The lacrosse field size for the men's team is 110x60-yards but the women's field is thirty yards longer and stands at a size of 120x70 yards. These differences can lead to more fatigue for female players. This could tie into the original systematic issue of suppressing women not only in sports but education and ownership as well.
There are stereotypes that are put on female athletes that affect the players. Flagler College players feel the judgment on the field including Sadie Davis, a freshman defender, who wears jersey number 14 for the Saints.
“I think being a female athlete in any sport is pretty difficult but lacrosse itself is such an underrated sport that I feel like there is a lot more judgment to go there. I just feel like it's a lot of pressure, a lot of pressure to succeed and do well,” Davis said.
The NCAA spends about $53,211 to promote the Division I men’s lacrosse championship but only about $17,396 on the women's championship. In the 2021 championships the NCAA made sure that the staff was more equal in comparison to the men's championship. If you are unfamiliar with what happened during last year's march madness, Oregon forward Sedona Prince showed the meal differences, equipment differences and other actions of inequality that the women player faced in a TikTok video. Prince’s viral march madness video encouraged other sports to make changes to make sure they are treating men's and women's sports equally.
Flagler female lacrosse players think they don’t have equal rules because they are undervalued.
“They don't believe that all girls can play that level but I mean you look at top five Division One schools and they're shooting 100mph,” Davis said.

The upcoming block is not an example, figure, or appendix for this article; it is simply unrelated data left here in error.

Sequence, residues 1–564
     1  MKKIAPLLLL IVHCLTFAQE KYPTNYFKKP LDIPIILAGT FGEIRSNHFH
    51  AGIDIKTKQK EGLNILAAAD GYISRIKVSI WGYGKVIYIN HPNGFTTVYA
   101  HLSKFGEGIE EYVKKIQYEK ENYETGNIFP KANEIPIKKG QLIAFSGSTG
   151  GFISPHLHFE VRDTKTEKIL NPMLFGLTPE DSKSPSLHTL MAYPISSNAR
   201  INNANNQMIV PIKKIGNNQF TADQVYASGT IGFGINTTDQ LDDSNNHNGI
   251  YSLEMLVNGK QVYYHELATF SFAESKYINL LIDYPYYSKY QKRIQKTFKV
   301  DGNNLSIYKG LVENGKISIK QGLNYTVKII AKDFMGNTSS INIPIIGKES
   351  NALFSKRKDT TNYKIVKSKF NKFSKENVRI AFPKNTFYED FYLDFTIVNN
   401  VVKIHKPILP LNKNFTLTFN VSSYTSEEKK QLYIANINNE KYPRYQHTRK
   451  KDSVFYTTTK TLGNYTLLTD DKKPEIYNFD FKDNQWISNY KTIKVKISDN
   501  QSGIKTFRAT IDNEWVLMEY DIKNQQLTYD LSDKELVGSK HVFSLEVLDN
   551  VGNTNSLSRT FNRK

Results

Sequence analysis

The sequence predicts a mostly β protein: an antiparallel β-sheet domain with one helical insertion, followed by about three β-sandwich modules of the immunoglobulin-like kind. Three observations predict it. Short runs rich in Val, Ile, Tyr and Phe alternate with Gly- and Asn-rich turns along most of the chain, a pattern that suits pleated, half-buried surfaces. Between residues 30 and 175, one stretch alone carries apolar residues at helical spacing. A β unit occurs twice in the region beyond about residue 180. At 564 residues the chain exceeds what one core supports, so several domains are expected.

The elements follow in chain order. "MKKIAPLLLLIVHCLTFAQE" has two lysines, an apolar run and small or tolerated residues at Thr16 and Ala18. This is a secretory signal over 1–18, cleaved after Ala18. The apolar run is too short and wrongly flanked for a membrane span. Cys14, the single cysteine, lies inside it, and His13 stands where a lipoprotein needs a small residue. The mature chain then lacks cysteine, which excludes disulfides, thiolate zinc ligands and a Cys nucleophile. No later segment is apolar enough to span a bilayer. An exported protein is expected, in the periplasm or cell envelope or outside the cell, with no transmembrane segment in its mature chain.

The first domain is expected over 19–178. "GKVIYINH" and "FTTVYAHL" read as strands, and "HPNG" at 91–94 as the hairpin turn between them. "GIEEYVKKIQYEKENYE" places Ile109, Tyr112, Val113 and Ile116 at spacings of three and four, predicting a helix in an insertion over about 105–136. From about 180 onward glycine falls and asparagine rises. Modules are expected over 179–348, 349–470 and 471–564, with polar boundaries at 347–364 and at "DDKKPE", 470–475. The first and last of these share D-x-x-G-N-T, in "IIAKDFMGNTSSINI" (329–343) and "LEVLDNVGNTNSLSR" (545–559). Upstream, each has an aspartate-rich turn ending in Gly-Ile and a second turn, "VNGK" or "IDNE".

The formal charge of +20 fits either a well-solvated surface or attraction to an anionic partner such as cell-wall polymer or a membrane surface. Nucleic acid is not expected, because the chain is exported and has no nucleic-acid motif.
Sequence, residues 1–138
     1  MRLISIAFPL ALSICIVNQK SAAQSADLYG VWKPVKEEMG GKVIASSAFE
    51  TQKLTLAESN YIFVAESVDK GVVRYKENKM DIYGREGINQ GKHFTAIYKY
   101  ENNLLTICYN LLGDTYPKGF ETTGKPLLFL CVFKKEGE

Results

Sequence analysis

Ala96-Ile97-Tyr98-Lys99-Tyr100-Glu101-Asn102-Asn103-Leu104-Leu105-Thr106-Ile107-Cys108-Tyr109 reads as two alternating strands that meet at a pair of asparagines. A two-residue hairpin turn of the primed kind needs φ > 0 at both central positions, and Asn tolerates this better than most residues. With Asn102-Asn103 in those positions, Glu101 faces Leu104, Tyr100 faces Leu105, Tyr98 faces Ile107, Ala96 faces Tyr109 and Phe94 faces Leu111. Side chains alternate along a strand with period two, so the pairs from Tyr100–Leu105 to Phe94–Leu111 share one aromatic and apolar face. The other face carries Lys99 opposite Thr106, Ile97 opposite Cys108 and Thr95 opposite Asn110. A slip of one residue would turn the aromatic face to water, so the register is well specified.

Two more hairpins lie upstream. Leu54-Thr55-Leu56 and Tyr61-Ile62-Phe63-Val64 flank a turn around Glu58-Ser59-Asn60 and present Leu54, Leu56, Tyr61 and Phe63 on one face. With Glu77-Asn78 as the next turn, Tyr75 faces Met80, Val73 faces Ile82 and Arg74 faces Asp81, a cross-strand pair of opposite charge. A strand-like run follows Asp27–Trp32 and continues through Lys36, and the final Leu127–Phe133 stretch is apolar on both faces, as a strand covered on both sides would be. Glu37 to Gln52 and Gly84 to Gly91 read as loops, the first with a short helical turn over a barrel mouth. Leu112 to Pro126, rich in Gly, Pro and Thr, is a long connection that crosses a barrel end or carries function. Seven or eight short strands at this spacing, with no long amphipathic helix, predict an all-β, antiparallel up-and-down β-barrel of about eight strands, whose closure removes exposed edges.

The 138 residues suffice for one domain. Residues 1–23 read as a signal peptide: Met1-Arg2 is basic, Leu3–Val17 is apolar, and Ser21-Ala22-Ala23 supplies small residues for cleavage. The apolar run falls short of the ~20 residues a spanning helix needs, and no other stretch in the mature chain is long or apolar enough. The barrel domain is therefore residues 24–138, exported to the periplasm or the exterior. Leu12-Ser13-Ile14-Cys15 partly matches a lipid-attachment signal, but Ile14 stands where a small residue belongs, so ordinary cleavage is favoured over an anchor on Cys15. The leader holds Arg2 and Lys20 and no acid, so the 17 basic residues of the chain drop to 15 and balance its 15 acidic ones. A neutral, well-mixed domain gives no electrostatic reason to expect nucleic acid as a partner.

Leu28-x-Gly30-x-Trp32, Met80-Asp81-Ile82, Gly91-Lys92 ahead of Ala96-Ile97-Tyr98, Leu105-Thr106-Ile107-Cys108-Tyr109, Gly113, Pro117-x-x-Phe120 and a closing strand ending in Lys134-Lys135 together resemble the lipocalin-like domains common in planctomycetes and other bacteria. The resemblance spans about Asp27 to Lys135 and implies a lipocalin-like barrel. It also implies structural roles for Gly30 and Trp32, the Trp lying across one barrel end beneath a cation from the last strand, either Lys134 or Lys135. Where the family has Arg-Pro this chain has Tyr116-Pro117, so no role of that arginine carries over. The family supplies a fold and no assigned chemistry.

Will Horn, a sophomore men's lacrosse player at Flagler shows support for female lacrosse players.
“I don’t think that they should be confined to skirts because they’re girls. They also should not be looked at differently due to their gender,” Horn said.
Gender inequality in sports is a controversial issue that will continue to be discussed until there is a resolution. The only way to diminish the gap between men and women is by continuing the discussion of these issues. Female athletes deserve to feel equally appreciated and treated. Women’s sports aren’t publicized as much as men's sports and this change can make a difference.
Even though female athletes are undervalued they are still able to confide in one another. The Flagler Women's lacrosse team is like a family and is always there for one another.
“We're all coming from different places, different backgrounds and having a group of girls coming to this place where you know now people are from here and you can just rely on each other,” Bruss said.
Bruss enjoys building the relationships she has cultivated. Her previous coaches engraved in her mind the importance of team chemistry for female sports.
“They [Bruss’ coaches] said that the girls that they played with in college where the girls that like were their bridesmaids,” Bruss said. “Having the aspect of family away from home and girls who play sports. I feel like her, more grittier you know.”
Fixing inequality in women's sports has to start with women. Women need to support women if they want to see change. Coach Kelam urges this mutual support and camaraderie.
“So if you want people to care about women's sports, women have to show up to women's sports,” Kelam said. “As women, we need to go support the softball team. We need to go support the tennis team. We need to go support the Women's Lacrosse team and get out there and enjoy watching our fellow classmates and what not and compete at what they do and cheer them on. Because that, I think, is the one thing that is still missing in the final piece of the puzzle.”
Gabby Alfveby, author
Current Flagler College student, writer and athlete. Gabby is also the journalist intern for STArt Now's partner, Narrow Magazine
Kathryn Hennessy, photographer
Kathryn is a current Flagler College student and freelance photographer as well as Narrow Magazines additional intern